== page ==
|The story behind this flight crew patch has eluded me for years.|
Not receiving an answer, I decided to try again one and a half year later, this time also contacting the Patrol Squadron 45 Association with the same question. The president, Buck Jones, responded quickly and sent me an e-mail the very next day, explaining that the patch I had in my drawer wasn't an authorized VP-45 patch, but that all Navy Patrol Squadron's usually allow individual flight crews to wear unique crew patches on their flight gear. Unfortunately, he had no idea when a crew 4 wore the Elvis patch.
I never heard from the Public Affairs Officer, but last week, out of the blue, I found someone called Bill had commented my post from July 12, 2011. My excitement grew as I started to read, realizing this was a pilot who had worn the Elvis crew patch.
Hey there, little time late. Was doing a google search and saw the image of the first Elvis patch come up. Followed it here. I was one of the pilots on CAC-4 from 1989-1991 when we had the patches made up. Unfortunately we weren't too sure how well our pencil sketch of Elvis would translate to embroidery so we didn't want to overdue the order. We only had fifty made which came out to about four for each crew member. Once we started trading them at foreign bases in Europe, the Med and north Atlantic we realized how popular they were. Instantly we wished we'd made more. Shortly after our return home the crew members went on to other assignments or crews so we never had the opportunity to order more.I'd like to thank Bill for sharing his story about the Elvis CAC 4 crew patch. Thanks to him I finally have the story behind the patch I bought so many years ago and still have in my possession. I wonder if there exists a photo of him and his crew, all of them wearing the patch on their flight suits? If so, that's one cool picture I'd like to see!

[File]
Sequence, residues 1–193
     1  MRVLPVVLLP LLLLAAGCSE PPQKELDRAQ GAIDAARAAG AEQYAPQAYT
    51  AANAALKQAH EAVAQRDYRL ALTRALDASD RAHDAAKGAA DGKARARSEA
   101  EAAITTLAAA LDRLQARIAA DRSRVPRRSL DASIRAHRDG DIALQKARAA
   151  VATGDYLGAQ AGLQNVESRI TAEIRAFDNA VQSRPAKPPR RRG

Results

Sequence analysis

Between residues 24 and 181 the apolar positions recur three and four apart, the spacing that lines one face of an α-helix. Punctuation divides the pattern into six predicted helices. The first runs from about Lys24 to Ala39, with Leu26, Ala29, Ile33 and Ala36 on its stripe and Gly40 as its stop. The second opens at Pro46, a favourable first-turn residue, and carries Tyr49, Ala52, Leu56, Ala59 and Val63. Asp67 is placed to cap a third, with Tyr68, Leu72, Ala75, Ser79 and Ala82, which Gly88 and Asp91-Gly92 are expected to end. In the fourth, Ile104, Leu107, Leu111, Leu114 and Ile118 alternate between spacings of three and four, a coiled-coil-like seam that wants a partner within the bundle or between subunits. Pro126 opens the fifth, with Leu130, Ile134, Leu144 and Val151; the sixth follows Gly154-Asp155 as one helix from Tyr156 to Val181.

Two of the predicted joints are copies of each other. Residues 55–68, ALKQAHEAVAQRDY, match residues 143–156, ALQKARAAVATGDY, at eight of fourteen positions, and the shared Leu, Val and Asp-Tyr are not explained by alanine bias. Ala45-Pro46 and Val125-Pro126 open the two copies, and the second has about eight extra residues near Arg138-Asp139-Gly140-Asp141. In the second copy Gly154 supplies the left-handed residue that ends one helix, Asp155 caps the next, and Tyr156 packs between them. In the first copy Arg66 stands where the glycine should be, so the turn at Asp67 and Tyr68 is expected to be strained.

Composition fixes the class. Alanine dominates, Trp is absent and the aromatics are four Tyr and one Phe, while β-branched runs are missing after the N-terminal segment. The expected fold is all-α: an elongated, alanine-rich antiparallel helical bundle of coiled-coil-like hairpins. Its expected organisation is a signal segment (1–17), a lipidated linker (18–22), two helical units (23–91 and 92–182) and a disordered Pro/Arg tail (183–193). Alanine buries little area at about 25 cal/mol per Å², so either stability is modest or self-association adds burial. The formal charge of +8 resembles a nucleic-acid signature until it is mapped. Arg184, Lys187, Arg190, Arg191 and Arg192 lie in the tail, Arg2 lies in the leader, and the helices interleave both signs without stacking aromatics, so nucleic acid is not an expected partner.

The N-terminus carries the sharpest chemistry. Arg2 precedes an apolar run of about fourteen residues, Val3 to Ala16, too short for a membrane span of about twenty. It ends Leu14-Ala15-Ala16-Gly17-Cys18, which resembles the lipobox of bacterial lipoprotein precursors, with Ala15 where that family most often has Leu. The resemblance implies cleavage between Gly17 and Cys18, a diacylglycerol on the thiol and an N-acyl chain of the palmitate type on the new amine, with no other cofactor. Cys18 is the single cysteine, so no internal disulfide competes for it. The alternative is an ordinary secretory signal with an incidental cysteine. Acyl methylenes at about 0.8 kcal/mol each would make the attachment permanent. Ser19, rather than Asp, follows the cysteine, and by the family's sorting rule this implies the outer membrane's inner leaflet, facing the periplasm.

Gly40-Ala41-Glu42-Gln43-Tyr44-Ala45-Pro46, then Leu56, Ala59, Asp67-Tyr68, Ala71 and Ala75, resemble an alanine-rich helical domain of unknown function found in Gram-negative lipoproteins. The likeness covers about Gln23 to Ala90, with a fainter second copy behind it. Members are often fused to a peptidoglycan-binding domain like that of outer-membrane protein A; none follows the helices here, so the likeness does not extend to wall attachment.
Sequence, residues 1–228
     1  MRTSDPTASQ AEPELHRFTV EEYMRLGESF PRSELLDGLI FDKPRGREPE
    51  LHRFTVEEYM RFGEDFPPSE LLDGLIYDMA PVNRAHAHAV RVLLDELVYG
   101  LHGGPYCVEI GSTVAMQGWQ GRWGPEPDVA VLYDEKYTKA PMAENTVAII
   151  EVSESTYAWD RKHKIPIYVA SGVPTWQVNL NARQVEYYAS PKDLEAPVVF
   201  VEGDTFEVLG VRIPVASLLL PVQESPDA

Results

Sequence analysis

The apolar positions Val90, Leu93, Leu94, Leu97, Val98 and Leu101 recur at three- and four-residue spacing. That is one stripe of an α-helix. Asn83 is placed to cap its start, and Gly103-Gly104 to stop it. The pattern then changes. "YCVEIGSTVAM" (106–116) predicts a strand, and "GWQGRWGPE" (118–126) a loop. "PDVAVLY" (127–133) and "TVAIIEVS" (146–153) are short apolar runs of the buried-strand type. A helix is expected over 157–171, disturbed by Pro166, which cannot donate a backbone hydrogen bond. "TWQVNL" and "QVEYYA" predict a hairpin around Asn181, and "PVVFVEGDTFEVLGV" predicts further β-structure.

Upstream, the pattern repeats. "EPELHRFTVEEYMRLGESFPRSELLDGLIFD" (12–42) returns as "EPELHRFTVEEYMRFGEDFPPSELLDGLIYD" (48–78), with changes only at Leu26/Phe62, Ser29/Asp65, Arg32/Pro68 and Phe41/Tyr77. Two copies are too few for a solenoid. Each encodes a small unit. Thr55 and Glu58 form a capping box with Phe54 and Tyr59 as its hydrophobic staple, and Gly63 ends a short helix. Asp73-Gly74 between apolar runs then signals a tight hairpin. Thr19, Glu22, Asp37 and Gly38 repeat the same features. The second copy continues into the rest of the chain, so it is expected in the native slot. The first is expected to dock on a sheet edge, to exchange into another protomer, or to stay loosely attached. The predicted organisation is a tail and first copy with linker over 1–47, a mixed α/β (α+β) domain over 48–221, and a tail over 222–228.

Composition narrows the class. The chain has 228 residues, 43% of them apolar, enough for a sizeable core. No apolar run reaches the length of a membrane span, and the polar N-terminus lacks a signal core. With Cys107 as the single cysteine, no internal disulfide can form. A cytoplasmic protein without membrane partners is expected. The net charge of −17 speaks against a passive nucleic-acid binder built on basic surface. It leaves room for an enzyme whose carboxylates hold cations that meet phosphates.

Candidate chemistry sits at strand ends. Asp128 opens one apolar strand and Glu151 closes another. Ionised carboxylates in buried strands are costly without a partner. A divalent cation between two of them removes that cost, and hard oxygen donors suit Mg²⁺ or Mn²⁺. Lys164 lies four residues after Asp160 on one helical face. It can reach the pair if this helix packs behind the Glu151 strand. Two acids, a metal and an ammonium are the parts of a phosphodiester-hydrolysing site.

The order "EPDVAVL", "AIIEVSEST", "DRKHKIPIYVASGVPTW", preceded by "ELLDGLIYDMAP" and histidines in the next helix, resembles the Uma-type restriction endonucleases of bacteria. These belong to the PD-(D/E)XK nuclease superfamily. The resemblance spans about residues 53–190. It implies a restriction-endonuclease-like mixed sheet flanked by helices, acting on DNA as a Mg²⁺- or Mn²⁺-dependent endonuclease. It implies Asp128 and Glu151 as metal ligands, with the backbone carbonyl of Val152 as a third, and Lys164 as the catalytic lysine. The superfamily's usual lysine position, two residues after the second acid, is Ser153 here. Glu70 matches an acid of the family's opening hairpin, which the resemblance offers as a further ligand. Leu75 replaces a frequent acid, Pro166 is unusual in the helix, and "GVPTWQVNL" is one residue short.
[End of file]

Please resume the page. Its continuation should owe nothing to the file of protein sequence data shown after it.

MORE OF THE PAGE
As you wrote in your post, when a squadron was getting ready to deploy overseas for six months each crew would make up a patch. Since we were sub hunters some common themes would have a knight in a suit of armor chopping a submarine in half or Bart Simpson with some attitude. We were looking for something different, a little less common. One day our Tactical Coordinator (TACCO) said "You know submarines are easy to find," (they're not) "give us something hard to find like Elvis." The rest is history.